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ABSN applications

Pre-Nursing   (673 Views 10 Comments)
by JCadmus JCadmus (New) New

277 Profile Views; 7 Posts

Just signed up for the website after looking over a nursing school's FAQ regarding ABSN program and reading that you MUST have received your bachelor's prior to applying.

Is this true for most all ABSN programs? I'll be graduating next spring and the applications for programs I'm interested in open up at the end of this coming summer.

I don't really want to wait an entire year after I graduate to be able to (possibly) get into a program. So, I guess without me going to each university and personally calling to ask, what do y'all think? Is this a universal rule?

Hope to hear back soon!

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FutureNurseInfo has 1 years experience.

1,093 Posts; 11,596 Profile Views

ABSN programs require that you already have a bachelor's degree in a non-nursing field. Unfortunately, you will have to finish your current bachelor's. What I can suggest that you do is, unless you have done so, take pre-req courses while you complete your bachelor's. Other thing is, if your current bachelor's is in Science (whatever science), you may have already completed required science courses/liberal arts courses. If that is the case, you may apply to a generic BSN program that usually lasts 2-2.5 years. So, think about it.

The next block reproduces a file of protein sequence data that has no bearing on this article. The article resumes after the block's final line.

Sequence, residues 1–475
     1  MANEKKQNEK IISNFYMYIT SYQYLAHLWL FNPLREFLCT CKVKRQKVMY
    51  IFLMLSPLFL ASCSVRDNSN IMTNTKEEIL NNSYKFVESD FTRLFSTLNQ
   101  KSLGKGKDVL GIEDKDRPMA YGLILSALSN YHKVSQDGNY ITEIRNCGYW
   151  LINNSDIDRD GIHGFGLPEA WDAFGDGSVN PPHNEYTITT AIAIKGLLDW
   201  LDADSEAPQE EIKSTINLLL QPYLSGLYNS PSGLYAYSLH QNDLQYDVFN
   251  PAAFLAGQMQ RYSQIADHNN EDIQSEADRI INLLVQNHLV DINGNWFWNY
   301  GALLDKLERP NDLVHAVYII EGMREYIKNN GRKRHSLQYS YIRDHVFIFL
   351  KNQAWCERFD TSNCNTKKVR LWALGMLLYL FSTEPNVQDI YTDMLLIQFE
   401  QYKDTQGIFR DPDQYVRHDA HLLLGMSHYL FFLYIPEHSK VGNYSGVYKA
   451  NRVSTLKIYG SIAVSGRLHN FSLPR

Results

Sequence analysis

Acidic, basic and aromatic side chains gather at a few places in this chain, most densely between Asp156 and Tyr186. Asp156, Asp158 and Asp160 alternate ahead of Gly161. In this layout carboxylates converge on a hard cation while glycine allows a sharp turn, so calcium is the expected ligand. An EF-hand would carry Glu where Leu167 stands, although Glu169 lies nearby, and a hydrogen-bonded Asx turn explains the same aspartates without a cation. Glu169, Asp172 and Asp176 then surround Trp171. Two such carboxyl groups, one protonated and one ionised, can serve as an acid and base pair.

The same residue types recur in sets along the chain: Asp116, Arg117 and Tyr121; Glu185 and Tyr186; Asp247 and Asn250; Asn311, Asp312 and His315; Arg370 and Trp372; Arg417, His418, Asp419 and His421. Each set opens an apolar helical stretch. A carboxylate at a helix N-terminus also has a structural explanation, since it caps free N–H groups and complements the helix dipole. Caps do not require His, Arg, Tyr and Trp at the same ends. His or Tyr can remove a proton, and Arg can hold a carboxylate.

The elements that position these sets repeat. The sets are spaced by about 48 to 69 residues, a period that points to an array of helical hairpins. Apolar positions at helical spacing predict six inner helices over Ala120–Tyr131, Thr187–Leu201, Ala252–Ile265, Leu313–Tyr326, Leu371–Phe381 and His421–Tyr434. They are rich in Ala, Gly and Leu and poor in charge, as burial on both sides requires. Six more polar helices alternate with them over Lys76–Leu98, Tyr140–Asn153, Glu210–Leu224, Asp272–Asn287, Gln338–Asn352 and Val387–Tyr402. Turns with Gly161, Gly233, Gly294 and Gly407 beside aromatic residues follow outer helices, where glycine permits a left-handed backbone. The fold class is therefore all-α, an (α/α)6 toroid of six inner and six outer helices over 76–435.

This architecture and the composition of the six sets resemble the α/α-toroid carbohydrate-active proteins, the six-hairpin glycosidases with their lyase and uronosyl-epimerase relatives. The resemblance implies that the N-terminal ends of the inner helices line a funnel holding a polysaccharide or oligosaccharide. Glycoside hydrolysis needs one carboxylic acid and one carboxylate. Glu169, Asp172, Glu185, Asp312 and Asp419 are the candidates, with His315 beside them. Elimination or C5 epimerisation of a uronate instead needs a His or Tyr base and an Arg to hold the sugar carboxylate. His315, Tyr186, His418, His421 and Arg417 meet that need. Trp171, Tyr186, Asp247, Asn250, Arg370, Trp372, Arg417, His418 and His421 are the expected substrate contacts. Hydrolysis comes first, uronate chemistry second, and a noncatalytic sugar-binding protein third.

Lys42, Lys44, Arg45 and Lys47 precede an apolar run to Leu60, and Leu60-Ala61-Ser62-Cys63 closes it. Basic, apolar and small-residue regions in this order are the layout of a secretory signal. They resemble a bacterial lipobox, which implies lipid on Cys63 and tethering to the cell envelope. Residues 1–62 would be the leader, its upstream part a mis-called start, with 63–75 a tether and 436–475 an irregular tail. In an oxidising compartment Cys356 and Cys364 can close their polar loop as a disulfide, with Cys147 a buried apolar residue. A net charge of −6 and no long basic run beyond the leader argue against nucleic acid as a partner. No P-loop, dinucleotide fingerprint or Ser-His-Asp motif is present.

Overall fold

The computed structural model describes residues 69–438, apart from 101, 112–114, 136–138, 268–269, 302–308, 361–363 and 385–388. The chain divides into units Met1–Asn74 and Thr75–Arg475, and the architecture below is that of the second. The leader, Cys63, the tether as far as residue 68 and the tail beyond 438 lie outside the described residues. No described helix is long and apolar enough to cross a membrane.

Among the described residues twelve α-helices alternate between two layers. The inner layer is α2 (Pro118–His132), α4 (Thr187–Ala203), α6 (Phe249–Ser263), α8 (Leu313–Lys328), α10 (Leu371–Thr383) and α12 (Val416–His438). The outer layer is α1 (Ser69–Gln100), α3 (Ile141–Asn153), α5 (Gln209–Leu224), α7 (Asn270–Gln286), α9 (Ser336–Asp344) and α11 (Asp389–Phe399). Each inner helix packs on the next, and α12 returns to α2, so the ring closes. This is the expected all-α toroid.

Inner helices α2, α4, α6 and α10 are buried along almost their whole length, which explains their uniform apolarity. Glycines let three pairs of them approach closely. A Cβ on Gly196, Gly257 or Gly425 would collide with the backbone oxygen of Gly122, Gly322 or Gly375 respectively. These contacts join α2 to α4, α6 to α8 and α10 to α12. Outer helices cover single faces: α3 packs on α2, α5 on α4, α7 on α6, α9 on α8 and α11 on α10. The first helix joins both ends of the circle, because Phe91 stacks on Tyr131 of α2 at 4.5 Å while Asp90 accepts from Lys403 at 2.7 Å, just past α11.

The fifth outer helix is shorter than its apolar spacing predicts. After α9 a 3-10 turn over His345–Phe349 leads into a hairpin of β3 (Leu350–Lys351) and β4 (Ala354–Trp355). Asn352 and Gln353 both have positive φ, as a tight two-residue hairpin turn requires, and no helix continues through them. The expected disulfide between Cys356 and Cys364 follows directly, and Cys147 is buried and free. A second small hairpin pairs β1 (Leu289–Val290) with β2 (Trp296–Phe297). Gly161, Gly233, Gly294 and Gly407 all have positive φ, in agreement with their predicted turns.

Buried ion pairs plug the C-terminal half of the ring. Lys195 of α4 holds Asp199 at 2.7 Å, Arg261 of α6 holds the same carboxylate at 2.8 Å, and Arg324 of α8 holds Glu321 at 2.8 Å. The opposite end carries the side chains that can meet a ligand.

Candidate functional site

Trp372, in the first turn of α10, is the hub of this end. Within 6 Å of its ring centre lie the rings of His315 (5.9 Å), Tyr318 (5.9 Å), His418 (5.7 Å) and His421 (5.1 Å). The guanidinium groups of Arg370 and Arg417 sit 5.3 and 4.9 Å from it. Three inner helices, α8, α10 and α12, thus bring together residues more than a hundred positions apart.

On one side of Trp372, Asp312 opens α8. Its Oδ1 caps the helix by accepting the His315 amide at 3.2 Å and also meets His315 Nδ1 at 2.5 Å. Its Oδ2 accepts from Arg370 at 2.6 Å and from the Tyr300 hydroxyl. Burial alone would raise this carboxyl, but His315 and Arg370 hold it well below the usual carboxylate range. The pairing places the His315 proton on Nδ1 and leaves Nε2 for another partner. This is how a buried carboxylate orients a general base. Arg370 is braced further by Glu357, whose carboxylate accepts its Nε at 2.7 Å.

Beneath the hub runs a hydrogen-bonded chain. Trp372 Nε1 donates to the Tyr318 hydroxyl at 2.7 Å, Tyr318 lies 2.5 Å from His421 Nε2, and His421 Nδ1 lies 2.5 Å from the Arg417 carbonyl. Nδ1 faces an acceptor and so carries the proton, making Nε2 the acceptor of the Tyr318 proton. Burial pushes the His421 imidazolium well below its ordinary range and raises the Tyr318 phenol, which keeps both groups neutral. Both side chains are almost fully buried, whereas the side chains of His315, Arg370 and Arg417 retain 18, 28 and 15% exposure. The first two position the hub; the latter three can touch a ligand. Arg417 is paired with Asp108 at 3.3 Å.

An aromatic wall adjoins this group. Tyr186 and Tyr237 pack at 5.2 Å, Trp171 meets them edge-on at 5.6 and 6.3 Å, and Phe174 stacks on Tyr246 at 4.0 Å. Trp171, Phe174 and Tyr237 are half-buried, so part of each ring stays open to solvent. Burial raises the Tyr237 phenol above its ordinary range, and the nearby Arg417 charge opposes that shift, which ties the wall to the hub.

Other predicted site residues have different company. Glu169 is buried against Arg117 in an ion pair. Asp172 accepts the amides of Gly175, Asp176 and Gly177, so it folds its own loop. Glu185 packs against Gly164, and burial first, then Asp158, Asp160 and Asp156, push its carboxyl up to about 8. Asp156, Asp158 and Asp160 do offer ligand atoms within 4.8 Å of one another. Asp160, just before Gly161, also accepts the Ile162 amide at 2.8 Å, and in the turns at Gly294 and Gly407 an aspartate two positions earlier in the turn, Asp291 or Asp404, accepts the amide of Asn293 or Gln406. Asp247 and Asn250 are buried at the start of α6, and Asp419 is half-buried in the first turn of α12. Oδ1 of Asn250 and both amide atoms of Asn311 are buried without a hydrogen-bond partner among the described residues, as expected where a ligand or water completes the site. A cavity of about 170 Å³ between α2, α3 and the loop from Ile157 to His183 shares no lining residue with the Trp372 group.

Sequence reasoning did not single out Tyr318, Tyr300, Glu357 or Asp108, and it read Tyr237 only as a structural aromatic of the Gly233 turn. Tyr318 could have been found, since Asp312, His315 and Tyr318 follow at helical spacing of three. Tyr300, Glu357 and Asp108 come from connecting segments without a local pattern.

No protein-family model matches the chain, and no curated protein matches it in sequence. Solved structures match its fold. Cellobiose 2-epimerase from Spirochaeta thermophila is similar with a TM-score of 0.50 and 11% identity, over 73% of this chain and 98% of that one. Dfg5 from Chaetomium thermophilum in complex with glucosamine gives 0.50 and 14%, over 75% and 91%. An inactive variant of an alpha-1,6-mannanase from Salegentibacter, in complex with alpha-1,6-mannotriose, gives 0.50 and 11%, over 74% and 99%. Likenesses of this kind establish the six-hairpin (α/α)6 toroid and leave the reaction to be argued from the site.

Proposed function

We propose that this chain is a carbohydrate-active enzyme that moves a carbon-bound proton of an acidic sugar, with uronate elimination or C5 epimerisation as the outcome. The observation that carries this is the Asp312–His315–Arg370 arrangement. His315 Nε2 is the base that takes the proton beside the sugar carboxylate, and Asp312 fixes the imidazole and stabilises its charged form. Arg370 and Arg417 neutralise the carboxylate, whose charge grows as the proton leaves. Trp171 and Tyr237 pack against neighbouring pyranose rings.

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7 Posts; 277 Profile Views

Thank you for the informative reply. If I may ask a follow-up question regarding the traditional route?

So until I complete my current degree with all prerequisite coursework I am barred from being considered for ABSN. But that doesn't stop me from applying to traditional, upper division even if I'll still be graduating before the intended start date?

sorry for the big questions, I just want clarification for sanity's sake.

Thank you!!

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verene specializes in mental health / psychiatic nursing.

1,533 Posts; 9,845 Profile Views

I think you may be better off directing your question to the specific school you are applying to as there is not a universal rule for ABSN program, or any nursing program admissions really.

For my ABSN program their requirement is that you have bachelor's degree by the time you start (I think in this case all pre-reqs needed to be complete at application). While most of us completed bachelor's degrees long before applying a few of my classmates were in their senior years during the application cycle, and were provisionally admitted under the condition they complete their degrees by a certain date (I think by June 20th of the year the ABSN program starts). It is very possible that some programs want the prior degree 100% completed by the time of the application and that others want it close to completion at time of application and complete before program start.

Edited by verene

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FutureNurseInfo has 1 years experience.

1,093 Posts; 11,596 Profile Views

Thank you for the informative reply. If I may ask a follow-up question regarding the traditional route?

So until I complete my current degree with all prerequisite coursework I am barred from being considered for ABSN. But that doesn't stop me from applying to traditional, upper division even if I'll still be graduating before the intended start date?